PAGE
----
Thursday, May 29, 2003

Health care "crisis"?

A column on Reason Online notes the fallacy of the "health insurance crisis."
Who are the people uninsured for a year or more? It turns out that 60.5 percent are under the age of 35, and 80.2 percent are under 45. Furthermore, 86.1 percent of those uninsured for a year consider their health to be "good" to "excellent," and they are not wrong. Consider the risk of death faced by those under 35. In 2000 there were 134,419,000 Americans in this age bracket. Of the 2,404,598 Americans who died that year, 112,005 were under 35, or about 4.6 percent. Using death as a crude measure for serious health risk (can't get more serious than death), the under-35 uninsureds were risking one chance in 1,200 of dying from whatever causes in 2000. And while 60.5 percent seems like a high number, keep in mind that the rate of the uninsured among the population as a whole remained small—only 7.3 percent of those under 19 were uninsured for the whole year; the 19-24 bracket was at 14.4 percent; and the 25-34 group came in at 12.3 percent.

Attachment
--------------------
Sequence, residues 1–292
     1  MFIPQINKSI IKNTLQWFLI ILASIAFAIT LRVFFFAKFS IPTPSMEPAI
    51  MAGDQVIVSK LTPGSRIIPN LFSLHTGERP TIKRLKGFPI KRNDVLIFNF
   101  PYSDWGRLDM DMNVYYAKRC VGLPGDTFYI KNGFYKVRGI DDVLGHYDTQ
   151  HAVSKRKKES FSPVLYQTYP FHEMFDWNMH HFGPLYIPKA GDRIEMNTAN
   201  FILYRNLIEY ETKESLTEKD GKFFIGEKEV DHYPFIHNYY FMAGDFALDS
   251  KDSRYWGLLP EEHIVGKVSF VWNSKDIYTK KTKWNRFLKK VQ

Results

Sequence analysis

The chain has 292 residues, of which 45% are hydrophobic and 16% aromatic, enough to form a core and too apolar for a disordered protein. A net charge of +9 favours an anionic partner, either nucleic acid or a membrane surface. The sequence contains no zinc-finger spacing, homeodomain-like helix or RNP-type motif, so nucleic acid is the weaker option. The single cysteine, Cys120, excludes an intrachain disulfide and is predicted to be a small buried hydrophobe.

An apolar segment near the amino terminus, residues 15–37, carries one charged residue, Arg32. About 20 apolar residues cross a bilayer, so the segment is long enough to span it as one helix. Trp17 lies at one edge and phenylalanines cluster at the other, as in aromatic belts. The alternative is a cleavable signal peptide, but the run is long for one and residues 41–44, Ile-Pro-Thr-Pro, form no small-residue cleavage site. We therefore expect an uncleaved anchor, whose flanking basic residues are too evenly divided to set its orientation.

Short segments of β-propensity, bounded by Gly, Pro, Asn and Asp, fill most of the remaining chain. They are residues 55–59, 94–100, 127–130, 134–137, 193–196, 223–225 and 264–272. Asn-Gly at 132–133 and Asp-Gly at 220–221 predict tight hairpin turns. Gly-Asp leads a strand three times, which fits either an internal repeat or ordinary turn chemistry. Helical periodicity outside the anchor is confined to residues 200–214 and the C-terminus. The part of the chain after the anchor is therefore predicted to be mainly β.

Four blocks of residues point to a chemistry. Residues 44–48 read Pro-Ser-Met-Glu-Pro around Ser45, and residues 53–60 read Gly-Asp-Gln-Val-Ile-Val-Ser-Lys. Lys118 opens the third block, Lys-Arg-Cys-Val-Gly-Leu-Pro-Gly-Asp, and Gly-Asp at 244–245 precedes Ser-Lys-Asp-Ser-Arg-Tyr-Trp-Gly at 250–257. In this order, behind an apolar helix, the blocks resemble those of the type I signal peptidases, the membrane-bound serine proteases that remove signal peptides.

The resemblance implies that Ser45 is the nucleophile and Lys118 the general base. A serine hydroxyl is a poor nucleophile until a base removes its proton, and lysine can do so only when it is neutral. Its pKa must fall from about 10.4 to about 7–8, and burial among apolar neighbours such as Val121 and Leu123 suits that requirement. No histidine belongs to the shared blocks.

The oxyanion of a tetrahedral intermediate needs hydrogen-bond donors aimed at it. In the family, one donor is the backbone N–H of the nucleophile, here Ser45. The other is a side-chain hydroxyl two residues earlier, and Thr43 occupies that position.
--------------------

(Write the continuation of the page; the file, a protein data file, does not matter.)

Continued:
Another great point:
To the extent a crisis exists, it's because nobody in the health care "system," least of all patients, feels that they are in control of their health care arrangements. Patients feel insecure about losing their coverage first because it's tied to their jobs—either their employers will drop their benefits, or they'll lose their jobs outright. Second, while most patients say they are satisfied with their managed care plans, a significant proportion feel that such plans deprive them of control over their health care choices. Meanwhile, discouraged physicians are being turned into paper-pushers handling mass quantities of government and private health insurance paperwork, while being limited in the tests and drugs they can order for their patients. Physicians are also being squeezed by federal government restrictions on what they can charge their patients. This means that doctors typically lose money on Medicare and Medicaid patients, which forces them to raise prices on their privately insured patients to make a decent living.

We will never solve health care until we get the government out. The government has created this mess -- more government is by no means the answer.


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